Sure, it is still distasteful that the second national seed Rebels aren't hosting and that they have to travel to rival LSU for a Regional. But it is what it is, as wrong as it may be. And ten Berge says they are only focused on playing – and winning.
"You have to accept what happened and move on from there, as hard as that is, especially in the beginning," said the fifth-year senior who is ranked No. 1 in college tennis in doubles, along with partner and fellow senior Jonas Berg. "We've made new arrangements now, and the parents will now come watch us in Baton Rouge. And there is the special (graduation) ceremony that they can attend as well. So it's worked out as well as possible."
Ten Berge, who has played No. 4 singles most of this season, said Ole Miss officials have been most helpful in making sure the graduation ceremony, set for 9 a.m. Sunday, was able to proceed. He and Berg will graduate a day later than others in their class.
"They made all the necessary adjustments, and the Chancellor was willing to show up on Sunday morning," he said. "He didn't have to do that, and it says a lot about him that he is supportive in that way."
Prior to that, there is tennis – a match Friday against Alcorn State and, if the Rebels win and they should, a match Saturday against the Friday winner of the LSU-Rice match.
"Winning the SEC Championship and winning the SEC Tournament were extremely big, especially having four freshmen (of eight total on the roster)," he said. "I think it's very promising for the postseason that we can do more great things. The postseason comes down to which team is basically the hottest once they get to Texas A&M."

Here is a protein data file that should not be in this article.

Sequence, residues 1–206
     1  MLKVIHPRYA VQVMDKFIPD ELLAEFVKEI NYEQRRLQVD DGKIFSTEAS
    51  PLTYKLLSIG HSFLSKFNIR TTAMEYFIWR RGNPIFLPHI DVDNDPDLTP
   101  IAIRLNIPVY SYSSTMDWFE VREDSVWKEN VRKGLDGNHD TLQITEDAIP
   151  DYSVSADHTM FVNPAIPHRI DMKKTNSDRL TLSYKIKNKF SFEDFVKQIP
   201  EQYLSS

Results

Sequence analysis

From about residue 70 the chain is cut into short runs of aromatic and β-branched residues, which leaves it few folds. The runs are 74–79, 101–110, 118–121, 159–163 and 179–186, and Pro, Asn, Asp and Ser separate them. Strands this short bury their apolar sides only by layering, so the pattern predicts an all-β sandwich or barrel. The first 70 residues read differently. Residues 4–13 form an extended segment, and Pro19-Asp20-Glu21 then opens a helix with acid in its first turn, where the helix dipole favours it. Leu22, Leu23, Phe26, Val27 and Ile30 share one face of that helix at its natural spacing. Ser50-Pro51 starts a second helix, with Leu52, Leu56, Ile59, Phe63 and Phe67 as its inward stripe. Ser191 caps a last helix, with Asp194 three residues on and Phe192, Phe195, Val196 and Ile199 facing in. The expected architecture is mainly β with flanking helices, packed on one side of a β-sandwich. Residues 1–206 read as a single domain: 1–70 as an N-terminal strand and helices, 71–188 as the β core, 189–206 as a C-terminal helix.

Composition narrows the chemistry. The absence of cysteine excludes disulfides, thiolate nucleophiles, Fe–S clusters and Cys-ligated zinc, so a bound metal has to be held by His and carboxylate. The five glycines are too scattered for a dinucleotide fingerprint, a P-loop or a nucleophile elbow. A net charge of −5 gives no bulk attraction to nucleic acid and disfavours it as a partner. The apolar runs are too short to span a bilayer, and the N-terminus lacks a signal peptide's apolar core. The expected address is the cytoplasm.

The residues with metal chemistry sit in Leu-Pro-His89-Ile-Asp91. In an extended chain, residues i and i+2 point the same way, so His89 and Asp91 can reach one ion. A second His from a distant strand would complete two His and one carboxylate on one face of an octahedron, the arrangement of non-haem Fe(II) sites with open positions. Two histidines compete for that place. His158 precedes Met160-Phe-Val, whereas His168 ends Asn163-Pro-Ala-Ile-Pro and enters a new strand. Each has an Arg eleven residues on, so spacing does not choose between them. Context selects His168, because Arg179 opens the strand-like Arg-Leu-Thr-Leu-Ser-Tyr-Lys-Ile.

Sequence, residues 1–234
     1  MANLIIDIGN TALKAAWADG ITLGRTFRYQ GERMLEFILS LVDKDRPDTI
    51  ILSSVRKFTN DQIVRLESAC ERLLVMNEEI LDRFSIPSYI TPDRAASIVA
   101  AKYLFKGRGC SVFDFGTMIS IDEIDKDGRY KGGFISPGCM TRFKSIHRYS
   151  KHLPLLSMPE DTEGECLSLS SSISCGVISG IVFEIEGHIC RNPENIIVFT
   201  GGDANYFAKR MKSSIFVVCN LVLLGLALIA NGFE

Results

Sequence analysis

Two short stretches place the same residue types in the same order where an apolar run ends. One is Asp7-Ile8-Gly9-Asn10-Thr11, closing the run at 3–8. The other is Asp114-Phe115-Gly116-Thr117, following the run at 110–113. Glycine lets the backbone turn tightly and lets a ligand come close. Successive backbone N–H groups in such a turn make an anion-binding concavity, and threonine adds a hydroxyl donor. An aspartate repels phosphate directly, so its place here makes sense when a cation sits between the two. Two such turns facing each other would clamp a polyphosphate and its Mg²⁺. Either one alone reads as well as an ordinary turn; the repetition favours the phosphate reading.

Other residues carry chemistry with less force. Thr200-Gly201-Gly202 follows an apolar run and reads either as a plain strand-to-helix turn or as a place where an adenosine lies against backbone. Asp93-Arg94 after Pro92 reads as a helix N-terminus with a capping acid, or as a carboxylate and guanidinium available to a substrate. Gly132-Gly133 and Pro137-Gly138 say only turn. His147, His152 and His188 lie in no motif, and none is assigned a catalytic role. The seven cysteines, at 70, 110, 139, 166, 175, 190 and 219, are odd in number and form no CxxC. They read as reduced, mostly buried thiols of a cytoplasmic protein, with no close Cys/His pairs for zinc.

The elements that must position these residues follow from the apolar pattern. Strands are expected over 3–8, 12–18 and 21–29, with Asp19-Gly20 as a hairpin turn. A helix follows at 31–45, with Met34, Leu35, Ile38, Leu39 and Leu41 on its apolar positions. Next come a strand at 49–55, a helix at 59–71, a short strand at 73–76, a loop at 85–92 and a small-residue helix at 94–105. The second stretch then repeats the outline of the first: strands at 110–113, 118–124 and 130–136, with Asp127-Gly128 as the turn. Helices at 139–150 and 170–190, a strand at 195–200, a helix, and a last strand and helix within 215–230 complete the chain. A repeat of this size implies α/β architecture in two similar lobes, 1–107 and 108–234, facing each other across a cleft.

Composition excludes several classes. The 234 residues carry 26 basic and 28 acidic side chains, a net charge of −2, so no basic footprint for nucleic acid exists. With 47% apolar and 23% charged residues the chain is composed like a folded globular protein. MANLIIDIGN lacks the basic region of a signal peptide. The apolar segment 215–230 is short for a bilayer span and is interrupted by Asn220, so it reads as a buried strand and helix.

The Aggies will host the National Championships after the NCAA Regionals. The final 16 teams, the winners of the 16 Regionals, advance to College Station, Texas.
"The most important thing right now is to try to keep the momentum we created over the course of the season," said ten Berge, who suffered through a wrist injury and also a broken bone in a foot during his college career prior to this season. "We seem to have found the right formula and we're sticking together as a team. We don't have the easiest draw. Everybody realizes this. But as a team, we may be the best out there.
"Maybe not talent-wise," ten Berge continued, "but as a true team and sticking together and fighting for one another, I think we can go a long way."
Ten Berge, a Classics major who will move into a master's and doctoral program later in the year at Michigan on a full academic scholarship, said that the Rebels' snub by the NCAA as far as hosting is extra motivation to win and keep winning.
"We'll be fired up," ten Berge said of the Baton Rouge Regional. "Let's be honest. It's ridiculous we're not hosting. This should not happen."
Ole Miss head coach Billy Chadwick, around ten Berge now for five school years, said the native of The Netherlands has been such a great part of the program for a long time. He said ten Berge's leadership has been vital to the Rebels' accomplishments.
"Bram's always been right at the heart of our success," said Chadwick of the recipient of the Boyd McWhorter Male Scholar-Athlete of the Year in the Southeastern Conference this season, the highest academic honor given out by the SEC. "He's a leader in so many different ways. That carries over to the rest of the team."
A team that has plans to play as long as it can in the NCAA Tournament, beginning Friday in Baton Rouge.
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